Nichole Reisdorph

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Dr Nichole Reisdorph

Short Biography

Dr Nichole Reisdorph is an Associate Professor in the Department of Pharmaceutical Sciences at the University of Colorado Anschutz Medical Campus. She is also the Director of the Skaggs School of Pharmacy Mass Spectrometry Facility and serves as Treasurer on the Metabolomics Society Board of Directors. Nichole’s main interest lies in applying mass spectrometry approaches to projects that may lead to new information and are of therapeutic relevance to human diseases. Her research program focuses on discovering mechanisms and markers of lung diseases including asthma and chronic obstructive pulmonary disease (COPD). Both lines of research have led to understanding how lipids are involved in the inflammatory aspects of these diseases. This has, in turn, led to deeper understanding of PUFA metabolism, with a focus on the resulting bioactive lipid mediators. One major question is whether dietary interventions using n-3 PUFAs, or their metabolites, can alter the course of disease. In addition to her lung and lipid research, Nichole is part of a Multi-PI grant that focuses on associating and then testing food specific biomarkers with health outcomes. As a Core Director, Nichole collaborates on clinical projects spanning from epilepsy and diabetes to nutrition and ageing; giving Nichole a broad perspective on several human diseases. Finally, Nichole’s lab offers training in the fields of proteomics and metabolomics. Their hands on workshops have reached over 400 international participants since 2004.

Expert Opinion

When and why did you start using metabolomics in your investigations?

I did my postdoc in Dr Gary Siuzdak’s laboratory at The Scripps Research Institute in La Jolla, CA, USA. I was responsible for setting up a proteomics workflow; however, I also helped a colleague, Dr Elizabeth Want, evaluate several protein precipitation methods as part of a new direction the lab was taking, namely metabolomics. Everything was very new, including Gary’s visions for Metlin and XCMS. When I started my own mass spectrometry lab at the University of Colorado in 2004, metabolomics was a natural complement to our proteomics work. The power of metabolomics, in our case when applied to human health, was immediately clear and became my focus. While discovery-based metabolomics offered us a means of generating new hypotheses, we also developed a series of targeted assays to more deeply explore certain pathways and molecular classes. We spent the first few years developing and validating robust and reproducible assays and informatics workflows. While we now focus predominantly on metabolomics and lipidomics, we still do some proteomics.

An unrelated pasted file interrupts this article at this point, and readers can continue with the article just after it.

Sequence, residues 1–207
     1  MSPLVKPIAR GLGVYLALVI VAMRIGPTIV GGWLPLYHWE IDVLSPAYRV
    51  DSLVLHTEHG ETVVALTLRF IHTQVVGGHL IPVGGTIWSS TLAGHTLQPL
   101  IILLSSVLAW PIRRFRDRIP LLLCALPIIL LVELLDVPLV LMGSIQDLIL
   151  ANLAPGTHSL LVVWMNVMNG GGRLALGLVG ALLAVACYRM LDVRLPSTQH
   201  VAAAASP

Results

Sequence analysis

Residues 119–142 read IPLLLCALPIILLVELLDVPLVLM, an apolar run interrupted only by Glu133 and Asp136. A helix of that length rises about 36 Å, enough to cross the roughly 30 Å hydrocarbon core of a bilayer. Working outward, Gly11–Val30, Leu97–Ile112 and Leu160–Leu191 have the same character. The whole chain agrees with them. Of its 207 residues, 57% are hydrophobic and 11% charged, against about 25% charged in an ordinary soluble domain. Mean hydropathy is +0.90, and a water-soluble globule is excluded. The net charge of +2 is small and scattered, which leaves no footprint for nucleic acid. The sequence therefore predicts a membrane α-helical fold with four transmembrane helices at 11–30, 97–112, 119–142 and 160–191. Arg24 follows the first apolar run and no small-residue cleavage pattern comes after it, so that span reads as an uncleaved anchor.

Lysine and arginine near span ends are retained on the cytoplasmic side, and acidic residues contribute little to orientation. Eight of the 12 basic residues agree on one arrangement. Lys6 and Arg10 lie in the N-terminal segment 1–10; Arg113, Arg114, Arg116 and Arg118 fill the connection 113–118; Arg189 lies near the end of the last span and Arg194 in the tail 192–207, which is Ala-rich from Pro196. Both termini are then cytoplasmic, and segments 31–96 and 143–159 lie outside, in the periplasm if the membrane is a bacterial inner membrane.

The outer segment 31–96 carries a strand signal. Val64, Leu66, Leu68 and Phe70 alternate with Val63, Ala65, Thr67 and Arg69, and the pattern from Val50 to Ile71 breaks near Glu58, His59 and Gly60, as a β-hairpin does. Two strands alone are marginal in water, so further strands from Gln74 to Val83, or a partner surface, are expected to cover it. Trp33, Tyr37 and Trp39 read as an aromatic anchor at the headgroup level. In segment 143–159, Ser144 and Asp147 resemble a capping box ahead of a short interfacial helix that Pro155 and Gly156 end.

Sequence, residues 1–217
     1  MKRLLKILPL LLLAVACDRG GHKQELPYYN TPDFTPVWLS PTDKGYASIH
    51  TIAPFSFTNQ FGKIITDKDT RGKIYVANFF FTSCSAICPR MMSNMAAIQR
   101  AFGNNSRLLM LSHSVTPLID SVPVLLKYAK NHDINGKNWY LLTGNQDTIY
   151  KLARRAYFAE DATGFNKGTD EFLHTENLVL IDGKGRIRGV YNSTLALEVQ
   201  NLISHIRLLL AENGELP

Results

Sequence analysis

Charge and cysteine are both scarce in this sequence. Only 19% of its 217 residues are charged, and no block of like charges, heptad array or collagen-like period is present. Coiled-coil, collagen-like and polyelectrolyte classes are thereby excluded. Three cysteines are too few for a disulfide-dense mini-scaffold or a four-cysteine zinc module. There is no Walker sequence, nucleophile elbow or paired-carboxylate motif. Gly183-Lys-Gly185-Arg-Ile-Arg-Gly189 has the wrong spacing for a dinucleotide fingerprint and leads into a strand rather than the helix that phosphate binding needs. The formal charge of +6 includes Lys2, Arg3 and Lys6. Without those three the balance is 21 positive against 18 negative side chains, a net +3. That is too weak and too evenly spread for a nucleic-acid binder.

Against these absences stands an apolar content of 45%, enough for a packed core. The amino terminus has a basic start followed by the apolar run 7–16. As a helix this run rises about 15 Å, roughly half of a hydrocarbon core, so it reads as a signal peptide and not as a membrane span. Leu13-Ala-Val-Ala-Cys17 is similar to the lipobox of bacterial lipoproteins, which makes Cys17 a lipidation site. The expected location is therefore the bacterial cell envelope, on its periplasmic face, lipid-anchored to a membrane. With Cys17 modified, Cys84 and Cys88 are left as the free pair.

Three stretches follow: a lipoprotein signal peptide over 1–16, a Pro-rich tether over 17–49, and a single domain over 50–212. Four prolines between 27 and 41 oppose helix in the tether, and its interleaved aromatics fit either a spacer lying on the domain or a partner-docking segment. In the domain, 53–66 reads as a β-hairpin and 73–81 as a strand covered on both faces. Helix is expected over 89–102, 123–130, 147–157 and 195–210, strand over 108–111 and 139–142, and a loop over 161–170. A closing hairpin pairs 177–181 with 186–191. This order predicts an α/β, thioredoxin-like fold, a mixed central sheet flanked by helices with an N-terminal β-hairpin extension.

What have you been working on recently?

My research focuses on applying metabolomics to projects that are of therapeutic relevance to human diseases. My focus has primarily been on lung diseases, including asthma and chronic obstructive pulmonary disease (COPD). This research has shifted from predominantly clinical work to animal models, which is a new area for me. We are also busy developing sample type specific databases for plasma and cells using our ion mobility QTOF instrument. More recently, we’ve applied metabolomics to nutrition studies, i.e. nutrimetabolomics, which represents the intersection of clinical nutrition research and metabolomics. This has led to some excellent collaborations with our microbiome colleagues and there is a natural fit between microbiome research and metabolomics. As part of this, we’ve recently begun looking at how the host:microbiome metabolism of foods and natural products, including green tea and cannabis, affects behavior and specific metabolic pathways. It’s truly exciting research!

You have been using metabolomics to study human diseases (e.g. Chronic Obstructive Pulmonary Disease); what are the biggest challenges of using metabolomics in this area?

Both COPD and asthma are complex, heterogeneous disorders. Our pilot metabolomics studies, utilizing 100-300 patients, have been successful in identifying candidate markers of, for example, clinical phenotypes. However, it’s becoming clear that very large cohorts, for example over 1,000 patients, will likely be necessary to find clinically relevant biomarkers. Analysis of such numbers is challenging from a data analysis standpoint, where confounders such as batch effects and clinical site differences are a reality and computational power is required to extract and analyze these large datasets. While we’ve learned to adjust for and handle those elements and have robust quality control practices in place, there are practical aspects to running over 1000 samples that aren’t discussed much. For example, our laboratory also performs both discovery-based and targeted lipidomics, so we require strong solvents to more completely extract lipids. The robotics we’ve evaluated can’t handle those strong solvents so we are limited to a methanol extraction for these large sample sets, which in turn severely limits coverage of lipids. So comprehensive lipid coverage and identification, is a major issue we’ve encountered when dealing with large clinical datasets. Finally, when metadata comprises over 100 clinical characteristics, we have to be very choosy about what clinical data we include in our analyses. We’ve learned that we have to ask very specific questions of our metabolomics data!